How so? With just a few thousand dollars in your IRA account, you can enter in an option contract, which gives you the right to buy a specific property within a pre determined time period (i.e. 30 days). For example, if you are one of the first ones to spot a gem in the rough, you may decide to lock in the rights to the property with the intention of “flipping” or selling it to an interested buyer.
Let’s say you find a distressed house for sale at $130,000 and know that you can sell it for $175,000 because of its true value, you may decide to pay the seller $1,000 for the right to purchase the home within 60 days. This is called a purchase option.
Within those 60 days, you reach out to your network and actively market the property for $175,000. If you are able to find a buyer all the way up till the last day of the option, you can exercise your option and purchase the property for $130,000 and subsequently sell it for $175,000.
When I say buy I don’t mean literally paying $130,000 in cash for the house and then selling it. You would work with the different parties involved to structure the transaction so that the $175,000 proceeds are used to pay off the property of $130,000, netting you a gain of $45,000 on the sale with an initial investment of $1,000 in the purchase option. This gain is tax free.
Another possibility is for you to purchase a purchase agreement, or the right to purchase a property upon its completion. Purchase agreements are usually bought during development stages and are offered at a discount. In areas where real estate is in high demand and tends to do well, purchase agreements are a great time to “get in” because the property will likely appreciate in value by the time it is completed.
When you purchase an agreement, you are purchasing a right to buy the property at a pre determined price, therefore locking it in today and benefiting from the appreciation when it is built months down the road. When the condo market was hot a few years ago, I purchased two agreements in a hot market (popular university campus) for 5% of the purchase price.
For example, one unit was listed at $120,000, and I acquired the purchase agreement for $6,000. Not even a full year later, I sold the purchase agreement for $26,000 because the going price of the unit was then $140,000. This transaction netted me a $20,000 tax free gain on sale.
I know you were waiting for this part. How can something be so on the up and up without a downside? In addition to some of the restrictions mentioned above under “other considerations”, here are my thoughts on some of the disadvantages of buying real estate in an IRA.
Because owning real estate already has so many deductions as is such as the mortgage interest deduction, property tax deduction and depreciation, you loose out on some of it when you buy property in an IRA. In addition, everything in an IRA is taxed at ordinary income tax rates upon distribution as opposed to lower capital gains tax rates.
Because buying real estate in an IRA is a tax deferred or exempt investment, you can no longer deduct depreciation expense as you can say if your property was owned by a limited liability company (LLC) that you filed a schedule C for in your tax returns.
Here is the heavy hitter. Since most real estate purchases are leveraged, in other words you need a loan such as a mortgage to buy property, you will have to pay a special tax on income generated from debt financing. In other words, if the property in your IRA is financed, you pay taxes on the income generated by that property.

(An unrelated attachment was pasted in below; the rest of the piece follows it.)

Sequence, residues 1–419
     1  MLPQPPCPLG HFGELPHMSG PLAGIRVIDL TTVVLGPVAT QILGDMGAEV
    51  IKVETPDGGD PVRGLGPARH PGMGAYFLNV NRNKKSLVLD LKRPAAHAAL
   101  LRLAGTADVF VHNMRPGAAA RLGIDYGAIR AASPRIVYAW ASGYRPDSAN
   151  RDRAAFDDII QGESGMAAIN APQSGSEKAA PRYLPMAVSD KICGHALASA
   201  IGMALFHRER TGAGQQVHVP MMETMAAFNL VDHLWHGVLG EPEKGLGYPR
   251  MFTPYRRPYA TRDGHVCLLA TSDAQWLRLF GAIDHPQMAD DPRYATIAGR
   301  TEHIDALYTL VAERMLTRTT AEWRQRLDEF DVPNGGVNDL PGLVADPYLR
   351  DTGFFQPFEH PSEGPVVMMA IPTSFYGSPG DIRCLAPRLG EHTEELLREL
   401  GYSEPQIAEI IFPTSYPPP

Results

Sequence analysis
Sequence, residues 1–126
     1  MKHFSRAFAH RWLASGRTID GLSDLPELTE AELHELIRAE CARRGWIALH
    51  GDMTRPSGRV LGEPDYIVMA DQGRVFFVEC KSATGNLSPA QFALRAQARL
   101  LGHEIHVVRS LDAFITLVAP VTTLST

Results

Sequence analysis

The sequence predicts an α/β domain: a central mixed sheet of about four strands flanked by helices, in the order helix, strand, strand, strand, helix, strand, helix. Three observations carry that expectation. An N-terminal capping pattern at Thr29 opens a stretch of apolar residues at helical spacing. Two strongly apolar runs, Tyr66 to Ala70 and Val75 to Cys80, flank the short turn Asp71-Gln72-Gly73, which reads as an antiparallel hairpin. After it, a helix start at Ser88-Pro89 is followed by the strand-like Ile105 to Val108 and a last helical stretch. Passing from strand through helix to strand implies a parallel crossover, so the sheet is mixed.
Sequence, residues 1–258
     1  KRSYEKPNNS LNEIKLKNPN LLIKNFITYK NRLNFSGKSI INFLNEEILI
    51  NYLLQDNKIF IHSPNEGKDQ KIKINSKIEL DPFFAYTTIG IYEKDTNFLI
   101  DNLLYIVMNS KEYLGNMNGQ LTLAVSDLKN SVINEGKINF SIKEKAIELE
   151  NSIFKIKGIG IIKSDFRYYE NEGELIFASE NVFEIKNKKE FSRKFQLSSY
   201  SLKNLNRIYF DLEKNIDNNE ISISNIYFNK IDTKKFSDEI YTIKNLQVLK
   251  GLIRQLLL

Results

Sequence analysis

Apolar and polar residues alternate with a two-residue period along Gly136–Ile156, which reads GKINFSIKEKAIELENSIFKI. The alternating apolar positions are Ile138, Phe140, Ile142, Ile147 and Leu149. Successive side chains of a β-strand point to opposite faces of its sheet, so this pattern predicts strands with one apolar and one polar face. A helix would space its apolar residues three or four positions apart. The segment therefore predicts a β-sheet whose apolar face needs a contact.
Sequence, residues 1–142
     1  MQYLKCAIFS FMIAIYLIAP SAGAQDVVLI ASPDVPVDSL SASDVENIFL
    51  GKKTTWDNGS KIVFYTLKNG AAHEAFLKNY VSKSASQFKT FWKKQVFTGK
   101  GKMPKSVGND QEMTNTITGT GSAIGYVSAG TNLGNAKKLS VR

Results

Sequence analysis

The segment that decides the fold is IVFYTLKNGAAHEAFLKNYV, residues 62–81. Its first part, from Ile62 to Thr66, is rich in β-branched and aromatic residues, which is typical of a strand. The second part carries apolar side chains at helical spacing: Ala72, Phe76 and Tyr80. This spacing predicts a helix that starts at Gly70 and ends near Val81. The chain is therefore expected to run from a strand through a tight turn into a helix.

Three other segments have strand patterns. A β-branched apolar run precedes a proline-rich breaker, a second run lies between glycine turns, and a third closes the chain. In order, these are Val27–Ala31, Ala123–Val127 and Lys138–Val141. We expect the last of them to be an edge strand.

This special tax is called the unrelated business income tax (UBIT), which is calculated by filing a Form 990-T along with your tax returns. This form helps you calculate the income that is subject to the UBIT tax. Walking through an example is the best way to demonstrate how this works.
Let’s say you want to buy a rental property for $130,000 under your IRA. Let’s say you purchase the property by putting a $30,000 down payment and getting a mortgage for the remaining $100,000. When you file your taxes, you will be obligated to pay taxes on the financed portion of the income.
Because you financed $100,000 and the value of the property is $130,000, you pay ordinary income tax on 77% ($100,000 divided by $130,000) of the income generated by the property. You can imagine the complications involved here, particularly when you start conducting multiple transactions over time and properties are bought and sold from within your IRA.
Undoubtedly paying all cash for properties acquired under an IRA is the best and easiest approach, but who has that kind of cash? One way to accumulate that kind of cash is by retirement plan conversions and roll-overs. However, some roll-overs and conversions come with their own tax disadvantages such as converting a 401k plan to a Roth IRA.
There is one final kicker I’d like to add to the mix. You cannot borrow against your property that is inside an IRA in the event you need cash. This is particularly important if you paid all cash for your property to begin with, drying up the cash in your IRA account.
Typically in a Roth IRA, you are allowed to withdraw your contributed principal tax free. But if your principal is tied up in a property, and you cannot take out a mortgage against it, the only other option you have is to sell the property to free up the capital. No one wants a fire sale.
Despite the many added costs, tax tracking and compliance obligations and headaches involved, it is my opinion that buying property in an IRA is a worthwhile endeavor and one that I’d repeatedly engage in given the chance to start over again.